HE’S an oddball alright, the sort of chap infected with child-like enthusiasm and spread the contagion any which way he could. Ain’t he a beauty, that crikey character Steve Irwin?
He couldn’t skeedaddle off into the Great Beyond just like that, we’d cry buckets.
We didn’t mind the thick curious accent as he spouted tidbits of facts. We hardly noticed his khaki outfit that spoke of a fashion sense much close to a carabao’s than to a gadabout mall rat. Irwin didn’t make any fashion statements. He made sense.
Neither did he gab about lazing around in spas for body toning or consultations with a dermatologist to correct skin flaws—he wasn’t that self-absorbed or too indulged about the appearance he gave out to audiences.
He wasn’t cast in the mould of sought-after celebrities puttering about the vacuity and howling emptiness of their lives—we’ll be doubly glad if they just drop dead like flies, let their fans and followers follow suit.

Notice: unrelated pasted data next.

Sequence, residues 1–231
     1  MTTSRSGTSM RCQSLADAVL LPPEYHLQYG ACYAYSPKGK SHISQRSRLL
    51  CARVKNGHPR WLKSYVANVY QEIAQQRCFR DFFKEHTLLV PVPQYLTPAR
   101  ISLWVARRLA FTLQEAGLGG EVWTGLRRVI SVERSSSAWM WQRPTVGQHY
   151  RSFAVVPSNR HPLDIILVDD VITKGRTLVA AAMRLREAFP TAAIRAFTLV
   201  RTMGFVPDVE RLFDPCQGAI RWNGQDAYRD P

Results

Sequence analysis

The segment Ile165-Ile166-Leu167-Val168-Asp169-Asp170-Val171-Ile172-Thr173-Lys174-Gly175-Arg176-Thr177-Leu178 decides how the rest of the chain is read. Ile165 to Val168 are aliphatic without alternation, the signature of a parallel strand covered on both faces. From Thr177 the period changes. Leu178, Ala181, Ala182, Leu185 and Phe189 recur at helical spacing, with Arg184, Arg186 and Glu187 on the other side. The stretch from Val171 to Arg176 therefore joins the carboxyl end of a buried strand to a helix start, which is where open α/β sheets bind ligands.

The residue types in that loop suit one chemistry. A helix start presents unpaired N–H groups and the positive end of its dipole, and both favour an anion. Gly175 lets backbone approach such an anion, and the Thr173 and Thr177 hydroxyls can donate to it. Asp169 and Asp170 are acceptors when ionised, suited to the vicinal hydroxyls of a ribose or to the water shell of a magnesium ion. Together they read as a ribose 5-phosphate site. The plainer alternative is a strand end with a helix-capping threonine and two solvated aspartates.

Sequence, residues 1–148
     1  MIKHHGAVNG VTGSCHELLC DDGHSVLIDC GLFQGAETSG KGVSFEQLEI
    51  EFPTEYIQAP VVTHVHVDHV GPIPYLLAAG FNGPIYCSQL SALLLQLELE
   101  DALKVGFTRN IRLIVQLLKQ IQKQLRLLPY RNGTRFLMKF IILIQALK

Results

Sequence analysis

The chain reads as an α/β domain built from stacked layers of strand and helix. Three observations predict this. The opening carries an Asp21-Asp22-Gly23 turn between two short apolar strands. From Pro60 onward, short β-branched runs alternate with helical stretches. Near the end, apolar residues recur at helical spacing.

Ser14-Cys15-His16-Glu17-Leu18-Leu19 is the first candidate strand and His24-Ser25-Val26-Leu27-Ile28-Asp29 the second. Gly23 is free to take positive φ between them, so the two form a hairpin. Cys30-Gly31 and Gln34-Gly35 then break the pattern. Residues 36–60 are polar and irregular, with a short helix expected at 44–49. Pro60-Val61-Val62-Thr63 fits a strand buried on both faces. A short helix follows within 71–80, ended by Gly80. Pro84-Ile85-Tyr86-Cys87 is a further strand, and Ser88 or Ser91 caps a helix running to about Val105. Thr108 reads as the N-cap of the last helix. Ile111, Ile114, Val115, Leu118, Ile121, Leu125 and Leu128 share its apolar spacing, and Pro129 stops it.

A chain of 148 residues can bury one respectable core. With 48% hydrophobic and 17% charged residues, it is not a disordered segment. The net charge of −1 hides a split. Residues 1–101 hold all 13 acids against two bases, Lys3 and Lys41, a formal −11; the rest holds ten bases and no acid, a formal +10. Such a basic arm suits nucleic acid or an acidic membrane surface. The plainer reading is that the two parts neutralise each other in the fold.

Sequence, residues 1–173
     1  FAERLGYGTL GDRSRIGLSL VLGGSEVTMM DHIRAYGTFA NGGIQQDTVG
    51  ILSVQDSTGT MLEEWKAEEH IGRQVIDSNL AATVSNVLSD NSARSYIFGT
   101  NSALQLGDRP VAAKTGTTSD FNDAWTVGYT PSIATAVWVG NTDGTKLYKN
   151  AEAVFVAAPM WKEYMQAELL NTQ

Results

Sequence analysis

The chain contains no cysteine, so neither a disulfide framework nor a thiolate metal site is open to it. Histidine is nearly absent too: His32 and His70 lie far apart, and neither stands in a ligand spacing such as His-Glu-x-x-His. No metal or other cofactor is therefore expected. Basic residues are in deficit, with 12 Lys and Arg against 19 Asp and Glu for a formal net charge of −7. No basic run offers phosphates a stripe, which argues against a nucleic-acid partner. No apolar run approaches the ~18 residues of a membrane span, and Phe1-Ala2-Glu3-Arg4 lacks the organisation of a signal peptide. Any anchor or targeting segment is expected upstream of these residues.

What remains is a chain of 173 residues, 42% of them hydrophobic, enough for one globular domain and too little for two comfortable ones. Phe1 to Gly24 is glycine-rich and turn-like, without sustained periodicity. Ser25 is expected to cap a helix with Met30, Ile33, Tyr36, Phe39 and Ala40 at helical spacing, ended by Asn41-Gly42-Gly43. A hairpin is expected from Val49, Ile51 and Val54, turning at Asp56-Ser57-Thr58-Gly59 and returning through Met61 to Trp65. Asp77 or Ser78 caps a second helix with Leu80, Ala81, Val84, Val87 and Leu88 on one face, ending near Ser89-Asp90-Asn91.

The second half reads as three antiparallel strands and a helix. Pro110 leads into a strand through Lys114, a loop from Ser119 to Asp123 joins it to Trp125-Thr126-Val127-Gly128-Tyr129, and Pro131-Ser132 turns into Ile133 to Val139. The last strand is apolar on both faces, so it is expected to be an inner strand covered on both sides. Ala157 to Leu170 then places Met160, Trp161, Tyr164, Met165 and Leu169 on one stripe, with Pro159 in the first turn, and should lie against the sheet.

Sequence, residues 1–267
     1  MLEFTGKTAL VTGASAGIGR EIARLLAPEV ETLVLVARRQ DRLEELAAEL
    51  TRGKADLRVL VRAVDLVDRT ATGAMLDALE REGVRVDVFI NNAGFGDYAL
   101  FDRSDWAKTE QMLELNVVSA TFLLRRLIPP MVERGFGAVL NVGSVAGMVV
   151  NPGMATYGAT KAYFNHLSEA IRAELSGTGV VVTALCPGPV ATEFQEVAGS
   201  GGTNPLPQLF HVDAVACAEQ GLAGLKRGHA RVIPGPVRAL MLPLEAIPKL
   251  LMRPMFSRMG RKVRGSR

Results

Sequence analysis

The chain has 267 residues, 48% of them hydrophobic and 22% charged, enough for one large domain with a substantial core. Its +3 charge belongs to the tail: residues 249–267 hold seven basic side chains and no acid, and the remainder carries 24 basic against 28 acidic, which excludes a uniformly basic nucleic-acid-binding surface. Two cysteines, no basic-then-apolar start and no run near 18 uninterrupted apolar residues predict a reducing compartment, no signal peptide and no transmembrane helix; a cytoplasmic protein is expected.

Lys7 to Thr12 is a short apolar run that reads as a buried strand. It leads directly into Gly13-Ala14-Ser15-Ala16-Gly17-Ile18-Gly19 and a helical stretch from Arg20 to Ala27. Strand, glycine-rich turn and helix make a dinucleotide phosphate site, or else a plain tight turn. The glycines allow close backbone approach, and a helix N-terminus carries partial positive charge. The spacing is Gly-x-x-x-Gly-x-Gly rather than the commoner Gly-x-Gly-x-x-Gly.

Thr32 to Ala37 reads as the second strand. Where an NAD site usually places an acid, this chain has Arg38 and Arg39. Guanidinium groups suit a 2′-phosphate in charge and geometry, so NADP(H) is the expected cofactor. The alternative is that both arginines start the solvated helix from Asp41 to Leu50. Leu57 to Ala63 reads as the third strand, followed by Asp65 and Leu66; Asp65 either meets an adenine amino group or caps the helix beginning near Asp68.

Irwin wasn’t the type “cropped, hedged and distorted by outward, trivial forms, fads and fancies.”
He wasn’t at all squeamish toddling after those slithering critters, handling ‘em with as much care and wonder with a wee bit of whimsy. He was making a pitch for all of ‘em creatures great and small, all things wise and wonderful.
Do we have anybody like him around?
Nah, they all want to be our next idols, plying out song-and-dance acts or going through the motions of acting— terrible phonies all.
Oozing with energy, Irwin gawked and squawked about Nature. He sang to it paeans and praises. Adults these days, especially those soaked through in glamor and marinated in the mediocre don’t come any close to that.
And he could do mud-wrestling with crocodiles, fill in notebooks with sketches of reptiles, plop himself down on mud pies, celebrate life of the wild kind with nary a care.
That must have been a wonderful life!